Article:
Whilst Buttler was washed away by the tide, Hameed was anchored in place. 11 runs from 73 deliveries – his first boundary, a straight drive for four had come off his 53rd. Ryan McLaren, as he has done so often this season, provided some middle order stability before he was seduced by the siren call of Simon Harmer’s spin into playing the ball onto his own stumps rather than some far off spot in the distance.

Lancashire were 92-6, Hameed 15 from 122. The next delivery he faced gave him his second boundary, 70 balls after the first. Before Sam Cook removed Jordan Clark after a 53 run partnership, a change had come over the supposed Bolton Blocker – 33 of those runs were his. The Hameed of summer 2016 had finally appeared.


After he brought up his first Championship half-century at Old Trafford of the year, in 189 balls, the occasion was promptly marked by the lofting of a delicious six off Harmer, sandwiched between a couple of finely executed, bread and butter forward defensives.

It was a day where a batsmen’s stay at the crease was in as much danger from the unfriendly skies overhead as it was from anything the bowler could serve up. In the space of an over Jamie Porter removed Stephen Parry – ending a partnership of 77 – with the first sight of the new ball and then the umpires removed the players from the field due to bad light. Haseeb Hameed was still there on 85 not out, his highest score of 2017, from 233 deliveries.


The third morning, the only one that begun on time at the early September start of 10:30,  brought with it a brighter sky and a sense of hope. Not hope of a full days play – heavy rain was due to rudely interrupt proceedings sometime between three and four o’clock – but hope of a first century of the year for Hameed. The previous nights abrupt ending had left the young Lancashire opener having to start again and to do so while faced with a new ball just six deliveries old – essentially having to open the batting for the second day in succession.

Fifteen runs shy of a hundred when he walked out, Hameed would head back twenty balls later, his innings finished on 88. His downfall a Porter delivery that had kept low and pinned him back in his crease – the impressive Essex bowler completing a five-wicket haul in the process and leapfrogging his teammate Harmer for the division lead.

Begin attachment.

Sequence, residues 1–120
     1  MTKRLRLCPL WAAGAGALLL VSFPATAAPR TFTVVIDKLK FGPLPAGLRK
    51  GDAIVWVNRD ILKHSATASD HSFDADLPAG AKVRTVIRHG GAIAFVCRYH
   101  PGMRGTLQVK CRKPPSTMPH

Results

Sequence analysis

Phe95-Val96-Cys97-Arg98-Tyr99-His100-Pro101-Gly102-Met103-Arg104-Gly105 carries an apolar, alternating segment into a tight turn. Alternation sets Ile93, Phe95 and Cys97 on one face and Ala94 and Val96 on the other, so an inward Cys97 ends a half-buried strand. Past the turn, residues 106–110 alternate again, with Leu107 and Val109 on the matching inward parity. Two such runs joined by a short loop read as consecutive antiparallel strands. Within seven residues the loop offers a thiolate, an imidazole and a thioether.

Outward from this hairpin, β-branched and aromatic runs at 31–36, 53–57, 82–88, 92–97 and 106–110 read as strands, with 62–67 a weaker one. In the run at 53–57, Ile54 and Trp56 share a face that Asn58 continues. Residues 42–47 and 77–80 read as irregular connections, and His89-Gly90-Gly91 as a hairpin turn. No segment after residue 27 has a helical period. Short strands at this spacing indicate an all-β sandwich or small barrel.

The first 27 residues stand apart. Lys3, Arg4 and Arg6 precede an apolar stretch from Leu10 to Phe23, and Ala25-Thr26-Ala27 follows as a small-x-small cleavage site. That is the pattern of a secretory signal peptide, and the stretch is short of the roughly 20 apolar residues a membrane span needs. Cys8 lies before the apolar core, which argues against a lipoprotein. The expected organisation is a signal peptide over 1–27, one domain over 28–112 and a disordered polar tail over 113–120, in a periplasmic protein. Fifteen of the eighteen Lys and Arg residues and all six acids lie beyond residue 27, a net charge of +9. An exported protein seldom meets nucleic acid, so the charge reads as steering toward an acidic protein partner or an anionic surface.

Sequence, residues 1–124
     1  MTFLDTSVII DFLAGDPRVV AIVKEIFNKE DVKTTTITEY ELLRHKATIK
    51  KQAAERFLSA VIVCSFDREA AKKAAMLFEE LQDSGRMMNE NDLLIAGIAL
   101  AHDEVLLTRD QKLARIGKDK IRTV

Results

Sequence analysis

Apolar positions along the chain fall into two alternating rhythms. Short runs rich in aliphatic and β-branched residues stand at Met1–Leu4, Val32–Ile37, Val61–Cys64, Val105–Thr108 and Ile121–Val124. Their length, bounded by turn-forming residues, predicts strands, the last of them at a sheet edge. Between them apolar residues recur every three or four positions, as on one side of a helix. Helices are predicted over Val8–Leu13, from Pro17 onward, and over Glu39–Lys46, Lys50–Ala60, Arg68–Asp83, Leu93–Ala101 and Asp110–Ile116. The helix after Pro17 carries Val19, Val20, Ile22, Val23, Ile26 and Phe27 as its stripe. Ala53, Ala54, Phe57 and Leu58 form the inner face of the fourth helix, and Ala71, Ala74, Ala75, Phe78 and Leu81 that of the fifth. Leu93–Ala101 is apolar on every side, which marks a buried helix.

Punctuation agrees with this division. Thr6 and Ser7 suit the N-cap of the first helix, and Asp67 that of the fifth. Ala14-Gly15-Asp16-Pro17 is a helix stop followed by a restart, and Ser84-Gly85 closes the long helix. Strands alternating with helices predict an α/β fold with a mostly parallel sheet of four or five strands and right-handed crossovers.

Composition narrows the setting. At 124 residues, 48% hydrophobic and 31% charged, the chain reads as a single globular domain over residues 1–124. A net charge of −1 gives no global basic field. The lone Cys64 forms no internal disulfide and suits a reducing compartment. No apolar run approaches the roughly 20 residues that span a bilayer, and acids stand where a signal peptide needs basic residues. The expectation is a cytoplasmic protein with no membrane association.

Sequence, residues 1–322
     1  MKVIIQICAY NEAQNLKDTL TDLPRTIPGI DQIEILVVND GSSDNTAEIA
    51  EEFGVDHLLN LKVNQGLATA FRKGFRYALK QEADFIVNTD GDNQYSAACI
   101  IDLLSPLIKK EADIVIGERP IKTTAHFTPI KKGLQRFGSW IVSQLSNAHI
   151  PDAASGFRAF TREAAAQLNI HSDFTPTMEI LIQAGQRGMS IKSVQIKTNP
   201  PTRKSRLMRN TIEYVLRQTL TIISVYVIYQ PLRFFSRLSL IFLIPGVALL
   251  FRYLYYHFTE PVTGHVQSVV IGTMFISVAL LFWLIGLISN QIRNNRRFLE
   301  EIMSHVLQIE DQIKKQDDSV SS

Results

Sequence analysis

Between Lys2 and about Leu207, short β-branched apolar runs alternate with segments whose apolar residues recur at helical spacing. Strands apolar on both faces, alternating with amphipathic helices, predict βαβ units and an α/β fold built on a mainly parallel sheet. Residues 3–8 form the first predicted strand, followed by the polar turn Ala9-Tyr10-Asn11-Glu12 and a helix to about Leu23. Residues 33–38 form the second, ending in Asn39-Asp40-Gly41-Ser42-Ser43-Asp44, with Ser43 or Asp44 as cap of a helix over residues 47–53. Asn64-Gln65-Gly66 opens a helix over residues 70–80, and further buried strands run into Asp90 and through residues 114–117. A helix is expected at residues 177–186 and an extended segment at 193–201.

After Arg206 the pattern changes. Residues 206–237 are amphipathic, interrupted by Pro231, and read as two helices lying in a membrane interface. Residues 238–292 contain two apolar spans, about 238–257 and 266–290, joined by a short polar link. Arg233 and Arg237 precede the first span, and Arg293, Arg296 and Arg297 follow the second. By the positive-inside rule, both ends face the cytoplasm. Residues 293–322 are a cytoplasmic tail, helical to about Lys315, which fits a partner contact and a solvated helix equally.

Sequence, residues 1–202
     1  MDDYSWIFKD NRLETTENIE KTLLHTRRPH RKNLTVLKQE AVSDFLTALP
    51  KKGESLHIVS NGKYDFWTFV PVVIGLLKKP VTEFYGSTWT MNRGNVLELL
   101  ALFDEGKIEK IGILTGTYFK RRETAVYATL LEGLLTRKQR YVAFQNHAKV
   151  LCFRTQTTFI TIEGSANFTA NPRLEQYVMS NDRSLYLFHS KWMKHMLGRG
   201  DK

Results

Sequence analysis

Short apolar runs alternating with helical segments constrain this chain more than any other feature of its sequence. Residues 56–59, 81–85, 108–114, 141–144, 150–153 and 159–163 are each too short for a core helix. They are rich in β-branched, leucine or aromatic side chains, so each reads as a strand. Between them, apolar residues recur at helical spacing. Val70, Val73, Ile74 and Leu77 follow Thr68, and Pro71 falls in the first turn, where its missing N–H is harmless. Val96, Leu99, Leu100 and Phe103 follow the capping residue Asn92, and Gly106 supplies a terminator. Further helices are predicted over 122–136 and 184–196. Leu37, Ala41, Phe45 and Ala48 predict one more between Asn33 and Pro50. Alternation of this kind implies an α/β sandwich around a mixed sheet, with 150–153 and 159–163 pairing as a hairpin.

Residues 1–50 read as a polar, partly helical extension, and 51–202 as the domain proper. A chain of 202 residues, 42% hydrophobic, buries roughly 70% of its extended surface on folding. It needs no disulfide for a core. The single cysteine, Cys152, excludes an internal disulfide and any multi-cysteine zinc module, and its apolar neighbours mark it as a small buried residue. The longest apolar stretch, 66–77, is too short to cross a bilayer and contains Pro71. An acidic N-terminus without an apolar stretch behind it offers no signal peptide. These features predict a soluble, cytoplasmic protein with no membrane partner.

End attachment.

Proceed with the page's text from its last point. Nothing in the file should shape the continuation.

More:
Ashes Aside No. 1

Were I an England selector – and if the rumours are true, I probably watch more county cricket than Trevor Bayliss; in fact, most of the people who read this will probably watch more county cricket than Trevor Bayliss –  I would not pick Hameed this winter. Whilst this was the best I’ve seen him bat all year, I’m just not convinced he’s in good enough form for the likes of Starc, Hazlewood and Cummins. He is still only twenty years of age, his time will come. 

Ashes Aside No. 2

When referring to a call-up for the imminent Australian tour, can we please dispense with the phrase, ‘get him on the plane’. As far as I’m aware, none of the five Tests will be played inside an aircraft. Instead, I propose the much more accurate, ‘get him to the Gabba’. Thank you. 


Once Hameed was gone, the brightness did rather go out of this game. The skies noticeably darkened overhead and, by the time Essex had begun their innings, the floodlights were, once more, in full effect. Varun Chopra would be the only other batsmen on either side to make more than 35 runs. His 40 coming at a marginally quicker strike rate than that of Hameed.

As the gloom steadily took over and the appearance of the light meter became more frequent, Lancashire’s spinners were installed at either end in an effort to delay the inevitable. With heavy showers also on the horizon, it once again became a matter of waiting. Would it be the rain or bad light which brought the day, and possibly the game, to a premature close.

In the end it was neither. The final ball of the afternoon session brought the wicket of Bopara (c Livingstone b Parry for 34). The tea break brought the rain and the ground staff brought the covers. A little more than twenty-four hours later, this game would be over. Lancashire still 36 points adrift, but Essex one game closer to the Championship.